Amid the euphoria following Watford's play-off triumph over Bolton Wanderers on Monday, Taylor declared that he would he not be pressing for a substantial summer transfer kitty. Moreover, he wanted the emphasis to remain on funding the youth development scheme. And if the board did not like it, he added, they could find another manager.
Taylor's pronouncement, far from annoying the chairman, must have been music to the ears of Sir Elton John. His warning that he did not have "bottomless pockets", and that Watford, with an average gate of 11,800, had to spend sensibly, was instantly rendered redundant.
The club's success during their first, six-year, sojourn in the top division in the 1980s was founded on home-grown talent and financial prudence - their record outlay is still the pounds 550,000 they paid Milan to bring Luther Blissett home 15 years ago - and Taylor is adamant that to change tack now would be self-destructive folly.
"If I was to come out now and say: `Just to stay up, give me pounds 15m', well, for one thing that's a pin-prick and, for another, I could destroy our youth policy," he said. "Boys want to come to Watford. They know they'll be looked after and have the opportunity to go into the first team. Over the past 20 years this club has signed 125 trainees, and a fifth have gone on to play international football at some level. I'd expect Manchester United to beat that record, but very few the size of Watford could.
"We've just guaranteed pounds 12m [from television and sponsorship] whether we get relegated or not, which isn't bad business for what we did. But if you spend that on players, and things go wrong - if they have no feeling for what Watford are all about - you'll waste it. I don't like wasting even pounds 20,000. I treat it as if it's my own money.
"Clubs who try to purchase themselves beyond their level will pay for it. I think I'm reasonably good at developing players and getting them to believe they can achieve something."
The failure to take England to the 1994 World Cup finals remains a far greater blow to Taylor's professional pride than the tabloid abuse he took. Yet, at club level, his CV shows seven promotions, not to mention the runners-up spot behind Liverpool to which he guided Watford and Aston Villa, or an FA Cup final appearance.
It could be argued that he works best with relatively ordinary players, magnifying strengths and masking weaknesses. Whatever the truth, his record is the best reason to believe that Watford might consolidate, as Leicester and Derby have, rather than drop straight back, like Charlton and Barnsley. The only blemish was his inability to satisfy great expectations at Wolverhampton Wanderers.
"The difference between Watford and Wolves," explained Taylor, "was that I never could get the real team ethos there. I inherited a situation where too many players were on too much more money than the others. The only thing they could talk about in the dressing-room was how much they were on. The gap between the top earners and those lower down was so big that it was hard to keep the spirit that's so vital. Alex Ferguson will tell you: the team must come first."
Taylor acknowledged that Watford, whom he led out of the Second Division only 12 months ago in his first campaign back in charge, would now have to pay higher salaries. But there would be no place for "prima donnas". He also accepted that the "better players" would eventually leave, as John Barnes once did, although that would not sway him from the course he has charted. "We've got to keep producing. If that means spending more on facilities, on youth development as opposed to paying pounds 4.5m for one player, that's what we'll do.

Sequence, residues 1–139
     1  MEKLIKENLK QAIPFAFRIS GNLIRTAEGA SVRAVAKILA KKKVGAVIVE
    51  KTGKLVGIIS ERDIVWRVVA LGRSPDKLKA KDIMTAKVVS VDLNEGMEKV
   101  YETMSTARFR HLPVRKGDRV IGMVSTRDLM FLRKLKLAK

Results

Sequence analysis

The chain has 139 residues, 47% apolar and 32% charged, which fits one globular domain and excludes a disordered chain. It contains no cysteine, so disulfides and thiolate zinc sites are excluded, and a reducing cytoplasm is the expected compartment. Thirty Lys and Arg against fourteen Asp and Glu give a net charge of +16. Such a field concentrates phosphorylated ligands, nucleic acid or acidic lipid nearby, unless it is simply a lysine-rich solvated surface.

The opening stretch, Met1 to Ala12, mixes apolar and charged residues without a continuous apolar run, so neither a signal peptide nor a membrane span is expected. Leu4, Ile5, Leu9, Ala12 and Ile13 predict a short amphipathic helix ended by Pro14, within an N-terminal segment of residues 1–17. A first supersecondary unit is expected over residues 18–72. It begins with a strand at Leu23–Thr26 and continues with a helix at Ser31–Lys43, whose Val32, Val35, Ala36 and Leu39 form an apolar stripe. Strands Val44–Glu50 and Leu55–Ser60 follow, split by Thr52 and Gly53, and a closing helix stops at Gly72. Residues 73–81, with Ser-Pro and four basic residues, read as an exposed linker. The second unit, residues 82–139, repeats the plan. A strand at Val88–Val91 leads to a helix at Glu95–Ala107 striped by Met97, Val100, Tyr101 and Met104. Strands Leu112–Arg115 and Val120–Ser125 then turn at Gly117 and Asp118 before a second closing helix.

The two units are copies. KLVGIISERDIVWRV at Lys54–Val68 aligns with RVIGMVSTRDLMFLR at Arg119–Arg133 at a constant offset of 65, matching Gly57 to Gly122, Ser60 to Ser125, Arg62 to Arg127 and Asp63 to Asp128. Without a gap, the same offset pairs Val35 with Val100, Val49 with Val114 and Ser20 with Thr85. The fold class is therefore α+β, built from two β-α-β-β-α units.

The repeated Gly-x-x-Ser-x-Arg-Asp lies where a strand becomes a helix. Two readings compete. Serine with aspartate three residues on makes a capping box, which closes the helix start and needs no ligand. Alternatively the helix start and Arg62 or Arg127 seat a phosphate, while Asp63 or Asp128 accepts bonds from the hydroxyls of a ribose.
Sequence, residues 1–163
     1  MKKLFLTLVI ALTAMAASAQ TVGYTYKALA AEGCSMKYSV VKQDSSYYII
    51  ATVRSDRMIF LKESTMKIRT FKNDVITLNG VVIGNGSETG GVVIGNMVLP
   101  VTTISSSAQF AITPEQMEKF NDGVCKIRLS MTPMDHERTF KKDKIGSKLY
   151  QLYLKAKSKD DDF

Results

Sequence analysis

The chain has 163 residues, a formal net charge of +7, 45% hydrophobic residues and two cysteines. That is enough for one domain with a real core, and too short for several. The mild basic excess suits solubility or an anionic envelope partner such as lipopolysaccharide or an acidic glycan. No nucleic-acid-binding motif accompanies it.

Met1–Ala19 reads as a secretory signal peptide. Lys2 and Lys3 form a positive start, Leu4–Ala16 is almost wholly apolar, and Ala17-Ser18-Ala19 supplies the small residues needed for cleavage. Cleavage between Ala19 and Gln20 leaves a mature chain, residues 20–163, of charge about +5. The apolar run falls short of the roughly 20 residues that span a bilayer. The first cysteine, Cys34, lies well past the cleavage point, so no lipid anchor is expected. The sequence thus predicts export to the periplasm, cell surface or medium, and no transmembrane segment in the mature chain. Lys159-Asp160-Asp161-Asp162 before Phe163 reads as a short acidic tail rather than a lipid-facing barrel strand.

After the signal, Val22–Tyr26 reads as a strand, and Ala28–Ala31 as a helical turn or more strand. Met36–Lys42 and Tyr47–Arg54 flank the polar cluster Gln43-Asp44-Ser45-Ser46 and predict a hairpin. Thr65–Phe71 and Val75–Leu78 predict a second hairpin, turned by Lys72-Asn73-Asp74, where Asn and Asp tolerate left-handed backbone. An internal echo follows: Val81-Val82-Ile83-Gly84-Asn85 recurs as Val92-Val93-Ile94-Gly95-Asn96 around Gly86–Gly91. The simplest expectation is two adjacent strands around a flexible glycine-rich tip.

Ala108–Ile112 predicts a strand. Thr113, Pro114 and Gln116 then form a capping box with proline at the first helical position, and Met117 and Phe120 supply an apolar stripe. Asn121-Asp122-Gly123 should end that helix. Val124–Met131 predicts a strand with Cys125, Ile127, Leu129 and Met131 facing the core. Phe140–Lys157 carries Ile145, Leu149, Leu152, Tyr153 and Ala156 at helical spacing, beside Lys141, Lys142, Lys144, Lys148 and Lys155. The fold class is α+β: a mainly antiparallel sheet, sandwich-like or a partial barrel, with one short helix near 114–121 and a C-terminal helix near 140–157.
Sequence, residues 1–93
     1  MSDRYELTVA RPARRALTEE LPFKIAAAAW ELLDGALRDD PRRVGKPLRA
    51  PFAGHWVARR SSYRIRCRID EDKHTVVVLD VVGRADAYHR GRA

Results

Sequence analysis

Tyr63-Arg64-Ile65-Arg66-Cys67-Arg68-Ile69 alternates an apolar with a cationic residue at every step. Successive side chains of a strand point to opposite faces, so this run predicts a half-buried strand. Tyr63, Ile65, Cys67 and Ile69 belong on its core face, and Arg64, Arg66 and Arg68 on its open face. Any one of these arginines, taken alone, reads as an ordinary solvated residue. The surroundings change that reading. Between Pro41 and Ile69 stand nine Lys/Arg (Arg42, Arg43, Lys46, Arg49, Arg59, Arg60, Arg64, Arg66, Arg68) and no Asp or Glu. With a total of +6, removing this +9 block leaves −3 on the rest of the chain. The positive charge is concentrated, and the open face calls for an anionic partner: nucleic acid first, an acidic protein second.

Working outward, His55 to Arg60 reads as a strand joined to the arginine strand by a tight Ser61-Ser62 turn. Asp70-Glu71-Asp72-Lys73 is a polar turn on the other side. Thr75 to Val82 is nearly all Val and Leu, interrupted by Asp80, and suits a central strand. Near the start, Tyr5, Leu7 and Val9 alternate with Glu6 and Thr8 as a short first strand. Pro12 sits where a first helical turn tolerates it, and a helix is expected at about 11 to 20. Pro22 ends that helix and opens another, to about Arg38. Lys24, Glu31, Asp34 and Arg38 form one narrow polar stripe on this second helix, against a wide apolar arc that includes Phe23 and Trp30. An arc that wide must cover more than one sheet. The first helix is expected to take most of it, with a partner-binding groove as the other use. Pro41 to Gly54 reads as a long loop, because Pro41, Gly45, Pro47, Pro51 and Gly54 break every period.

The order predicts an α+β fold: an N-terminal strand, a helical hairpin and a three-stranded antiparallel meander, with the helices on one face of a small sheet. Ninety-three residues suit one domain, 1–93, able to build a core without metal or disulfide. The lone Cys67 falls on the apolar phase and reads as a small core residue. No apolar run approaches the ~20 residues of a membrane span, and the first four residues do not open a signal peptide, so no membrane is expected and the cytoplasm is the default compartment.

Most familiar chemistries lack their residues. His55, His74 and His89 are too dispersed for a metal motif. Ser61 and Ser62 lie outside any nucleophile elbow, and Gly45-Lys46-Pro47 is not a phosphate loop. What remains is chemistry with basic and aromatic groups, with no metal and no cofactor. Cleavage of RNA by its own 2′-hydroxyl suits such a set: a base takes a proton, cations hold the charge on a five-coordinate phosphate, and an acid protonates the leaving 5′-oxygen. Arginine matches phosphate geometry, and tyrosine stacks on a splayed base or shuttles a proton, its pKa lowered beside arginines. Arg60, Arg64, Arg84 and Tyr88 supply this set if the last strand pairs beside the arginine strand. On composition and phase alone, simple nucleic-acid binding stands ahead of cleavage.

"If the directors don't like that, they can find another manager, because I'm not throwing that kind of money away. It wouldn't be fair on the lads who've given everything."
That is not to say Taylor's loyalty will be infinite, or that he will not buy. During the season he demonstrated his flexibility by using players of 10 nationalities (a club record), though the core of the side is from the home countries. Monday's scorers, Nick Wright, 23, and Allan Smart, 24, were his only signings last summer, costing pounds 250,000 from Carlisle at a time when Bradford, who went on to finish second, were splashing pounds 3.5m.
Taylor's captain, 24-year-old Robert Page, may figure in Wales' defence against Italy on Saturday. Others who could make the transition to the Premiership include Peter Kennedy, 25, a pounds 130,000 snip with 20 goals in two years from left wing-back; Micah Hyde, 24, a midfielder of great tenacity for whom Taylor paid pounds 100,000; and Gifton Noel-Williams, 19, who has partnered Michael Owen in the England Youth attack.
If the manager is true to his word, some of the new graduates from Watford's academy - like the centre-backs Matt Langston and James Panayi, or the front-runner Grant Cornock - will be thrown in sooner rather than later. In the immediate term, Taylor's priority is likely to be to increase the experience in his squad. Of the 14 on duty at Wembley, only Alec Chamberlain and Steve Palmer have ever played in the top flight.
Their one brush with Premiership class last season brought a 5-2 trouncing at Tottenham in the FA Cup. Against that, they beat the rest of the top six in the First Division, Sunderland included, and needed just a year to go through the second grade compared with the three Barnes and co spent there.
Long before "Do I not like that" entered common parlance, the man who coined it made a catchphrase of "Never say never". Sound advice in such a volatile sport, but Watford's arrival in the Premiership is a reminder that we should never write off Graham Taylor.Reuse content